These birth traits are part of the infant's contribution to the parent-infant dyad, a unit that forms, probably starting before birth, and plays a crucial role during the first year of life. If all goes well the main care-giver and the infant learn to synchronize with one another and to reestablish synchrony when for some reason it breaks off. Through this dyadic connection the infant learns physiological regulation (control of body temperature, control of sound production, ultimately control of elimination and emotional regulation). As a toddler, the child exits the dyad to establish itself as an individual. The process of individualization and increasing abilities of self-regulation is, of course, a long one. (Some of us never quite get there!)

But what does this have to do with gender and memories of gender non-conformity? First, most adult European-Americans can't retrieve specific memories that pre-date the age of 3, well after the period I am discussing. Second, during the first year of life, all that dyadic back and forth takes place at the same time that infants take on board gendered aspects of their world. By six months they can distinguish male from female voices; by nine months they can associate male or female voices with male or female faces. By 18 months they have acquired significant gender role knowledge: For example, they stare longer at pictures of men putting on lipstick and women with hammers. Gradually, children use this developing gender knowledge to articulate gender preferences and self-identity. By one year, for example, Euro-American girls begin to prefer dolls over trucks, and vice versa for the boys. By three years, and in certain contexts, children prefer play partners of one sex or the other. And, importantly, in this same two- to three-year timeframe, children evidence a process of gender identity acquisition which can, itself, take two to three years, and proceeds by degree.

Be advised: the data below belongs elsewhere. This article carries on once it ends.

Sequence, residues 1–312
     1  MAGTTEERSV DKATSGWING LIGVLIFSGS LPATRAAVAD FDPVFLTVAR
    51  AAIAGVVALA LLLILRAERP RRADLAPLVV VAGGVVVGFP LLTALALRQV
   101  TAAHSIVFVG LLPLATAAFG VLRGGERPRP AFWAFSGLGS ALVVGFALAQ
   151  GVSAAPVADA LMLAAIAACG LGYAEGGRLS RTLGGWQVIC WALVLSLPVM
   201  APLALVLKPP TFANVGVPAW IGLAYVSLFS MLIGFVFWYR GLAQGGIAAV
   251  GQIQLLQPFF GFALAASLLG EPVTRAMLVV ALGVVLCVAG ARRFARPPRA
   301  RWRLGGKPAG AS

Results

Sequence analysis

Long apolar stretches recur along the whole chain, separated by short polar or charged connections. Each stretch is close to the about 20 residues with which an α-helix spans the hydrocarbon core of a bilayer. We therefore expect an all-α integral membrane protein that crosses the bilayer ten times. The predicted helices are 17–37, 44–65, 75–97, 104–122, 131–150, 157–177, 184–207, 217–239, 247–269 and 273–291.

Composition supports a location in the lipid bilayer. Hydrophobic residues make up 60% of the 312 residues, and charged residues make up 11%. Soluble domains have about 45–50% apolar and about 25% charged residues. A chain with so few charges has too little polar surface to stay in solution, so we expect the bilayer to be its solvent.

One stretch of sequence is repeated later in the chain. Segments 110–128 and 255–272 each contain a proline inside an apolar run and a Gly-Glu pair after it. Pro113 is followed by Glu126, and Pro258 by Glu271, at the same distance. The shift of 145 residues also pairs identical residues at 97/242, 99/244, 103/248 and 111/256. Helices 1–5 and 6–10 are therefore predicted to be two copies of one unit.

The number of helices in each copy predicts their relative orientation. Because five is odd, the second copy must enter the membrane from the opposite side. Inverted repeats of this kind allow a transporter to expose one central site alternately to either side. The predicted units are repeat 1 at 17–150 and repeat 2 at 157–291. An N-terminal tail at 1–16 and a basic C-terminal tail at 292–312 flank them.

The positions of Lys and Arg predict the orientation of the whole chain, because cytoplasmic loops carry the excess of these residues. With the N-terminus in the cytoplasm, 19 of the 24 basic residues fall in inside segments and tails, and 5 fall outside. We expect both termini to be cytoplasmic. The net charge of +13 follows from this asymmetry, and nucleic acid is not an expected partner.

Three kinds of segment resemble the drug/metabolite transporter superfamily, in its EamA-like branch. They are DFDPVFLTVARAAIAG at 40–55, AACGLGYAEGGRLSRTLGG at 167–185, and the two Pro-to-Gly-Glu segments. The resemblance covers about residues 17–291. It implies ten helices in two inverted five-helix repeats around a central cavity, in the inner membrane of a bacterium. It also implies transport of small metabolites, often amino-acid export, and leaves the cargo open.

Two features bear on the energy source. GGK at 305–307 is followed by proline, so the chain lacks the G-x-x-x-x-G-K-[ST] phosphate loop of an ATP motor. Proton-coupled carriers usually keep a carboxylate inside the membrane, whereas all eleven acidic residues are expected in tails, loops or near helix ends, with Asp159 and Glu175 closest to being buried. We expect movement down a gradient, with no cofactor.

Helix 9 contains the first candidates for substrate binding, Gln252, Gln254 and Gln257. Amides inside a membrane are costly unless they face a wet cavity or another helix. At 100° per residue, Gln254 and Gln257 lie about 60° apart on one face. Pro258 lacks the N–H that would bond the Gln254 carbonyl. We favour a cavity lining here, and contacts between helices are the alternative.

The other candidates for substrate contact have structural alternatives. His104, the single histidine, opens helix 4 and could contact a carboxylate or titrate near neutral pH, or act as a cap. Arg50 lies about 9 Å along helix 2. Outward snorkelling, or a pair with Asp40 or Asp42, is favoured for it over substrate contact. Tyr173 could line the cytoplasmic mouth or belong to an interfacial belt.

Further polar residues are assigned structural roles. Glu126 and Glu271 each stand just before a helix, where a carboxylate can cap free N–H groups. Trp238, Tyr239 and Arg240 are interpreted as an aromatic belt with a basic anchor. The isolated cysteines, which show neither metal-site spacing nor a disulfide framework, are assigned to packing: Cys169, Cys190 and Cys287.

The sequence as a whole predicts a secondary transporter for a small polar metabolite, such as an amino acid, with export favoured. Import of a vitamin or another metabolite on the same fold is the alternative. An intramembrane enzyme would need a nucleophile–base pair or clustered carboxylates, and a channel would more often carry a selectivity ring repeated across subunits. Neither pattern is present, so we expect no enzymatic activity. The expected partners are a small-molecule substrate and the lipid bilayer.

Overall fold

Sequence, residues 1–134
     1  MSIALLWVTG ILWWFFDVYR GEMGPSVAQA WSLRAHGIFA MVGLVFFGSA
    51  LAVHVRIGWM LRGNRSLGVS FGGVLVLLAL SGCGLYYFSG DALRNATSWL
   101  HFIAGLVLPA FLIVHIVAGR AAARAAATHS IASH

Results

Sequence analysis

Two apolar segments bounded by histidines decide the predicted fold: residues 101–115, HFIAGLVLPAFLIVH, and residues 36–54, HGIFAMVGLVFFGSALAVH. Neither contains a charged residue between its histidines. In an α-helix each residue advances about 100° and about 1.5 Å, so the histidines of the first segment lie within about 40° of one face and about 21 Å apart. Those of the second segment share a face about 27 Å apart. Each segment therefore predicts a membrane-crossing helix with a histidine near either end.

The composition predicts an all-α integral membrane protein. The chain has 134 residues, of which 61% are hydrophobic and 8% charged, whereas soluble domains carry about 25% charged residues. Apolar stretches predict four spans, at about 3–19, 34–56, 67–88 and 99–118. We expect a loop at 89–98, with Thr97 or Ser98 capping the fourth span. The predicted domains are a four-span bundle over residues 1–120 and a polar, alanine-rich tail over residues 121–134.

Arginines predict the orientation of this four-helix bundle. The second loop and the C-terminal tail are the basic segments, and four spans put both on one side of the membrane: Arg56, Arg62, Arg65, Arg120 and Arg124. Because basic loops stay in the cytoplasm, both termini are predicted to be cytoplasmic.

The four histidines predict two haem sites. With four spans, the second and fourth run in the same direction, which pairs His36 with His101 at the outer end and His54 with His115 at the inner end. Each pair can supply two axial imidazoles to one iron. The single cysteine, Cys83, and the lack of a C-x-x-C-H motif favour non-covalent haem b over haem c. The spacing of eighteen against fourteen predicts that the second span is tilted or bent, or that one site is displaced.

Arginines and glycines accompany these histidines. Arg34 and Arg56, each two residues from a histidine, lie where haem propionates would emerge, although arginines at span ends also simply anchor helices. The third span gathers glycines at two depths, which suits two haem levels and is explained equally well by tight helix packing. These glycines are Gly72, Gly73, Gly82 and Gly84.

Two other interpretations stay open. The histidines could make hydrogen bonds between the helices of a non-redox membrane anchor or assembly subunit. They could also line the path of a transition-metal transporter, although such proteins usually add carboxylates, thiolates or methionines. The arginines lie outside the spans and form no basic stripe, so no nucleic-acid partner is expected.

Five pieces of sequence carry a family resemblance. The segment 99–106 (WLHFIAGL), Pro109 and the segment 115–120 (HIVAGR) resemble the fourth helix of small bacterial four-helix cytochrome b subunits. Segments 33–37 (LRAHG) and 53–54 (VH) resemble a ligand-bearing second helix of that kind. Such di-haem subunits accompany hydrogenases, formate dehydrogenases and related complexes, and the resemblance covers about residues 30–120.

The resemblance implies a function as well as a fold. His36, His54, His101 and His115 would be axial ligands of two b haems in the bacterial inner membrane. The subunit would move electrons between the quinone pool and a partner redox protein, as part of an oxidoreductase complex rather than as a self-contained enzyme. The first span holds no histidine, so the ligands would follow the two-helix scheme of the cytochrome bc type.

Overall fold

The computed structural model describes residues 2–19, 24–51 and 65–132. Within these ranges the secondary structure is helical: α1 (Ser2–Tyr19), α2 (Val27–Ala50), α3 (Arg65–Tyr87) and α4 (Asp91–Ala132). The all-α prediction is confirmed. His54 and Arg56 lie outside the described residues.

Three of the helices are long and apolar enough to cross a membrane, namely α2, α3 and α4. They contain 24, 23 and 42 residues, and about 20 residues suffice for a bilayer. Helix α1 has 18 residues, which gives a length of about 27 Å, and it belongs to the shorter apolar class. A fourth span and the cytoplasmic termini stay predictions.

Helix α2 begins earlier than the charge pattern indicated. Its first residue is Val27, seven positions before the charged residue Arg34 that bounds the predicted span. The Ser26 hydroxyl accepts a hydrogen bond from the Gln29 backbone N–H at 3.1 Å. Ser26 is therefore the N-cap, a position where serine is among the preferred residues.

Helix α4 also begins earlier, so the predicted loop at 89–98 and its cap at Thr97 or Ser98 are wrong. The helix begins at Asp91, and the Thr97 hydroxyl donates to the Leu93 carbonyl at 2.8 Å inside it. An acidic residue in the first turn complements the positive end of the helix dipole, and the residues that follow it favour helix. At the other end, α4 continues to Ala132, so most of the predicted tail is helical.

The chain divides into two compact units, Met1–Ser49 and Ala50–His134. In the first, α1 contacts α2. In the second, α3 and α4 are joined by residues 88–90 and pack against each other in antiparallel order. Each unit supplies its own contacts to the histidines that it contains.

My final point, then, is about timing. Maybe we can agree that the image evoked by "born gay"—that little girl neonate appearing wearing overalls and grasping a toy truck—does not help us think through questions of sexual desire and identity. Instead, let's imagine developmental traces that result from periods during which dyadic sensory inputs shape the developing nervous system, associated with periods during which infants acquire knowledge about gender from their surrounding world, and followed by periods during which this knowledge about the external world begins to transform itself into self-knowledge. There is a transition from pre-symbolic, pre-linguistic knowledge to symbolic knowledge that uses language. It is in this period that gendered preferences start to emerge. So, logically, this is where we need to focus our studies. We need to get the time-line right, and we need to study developmental processes, not fixed images. That's how we can move forward.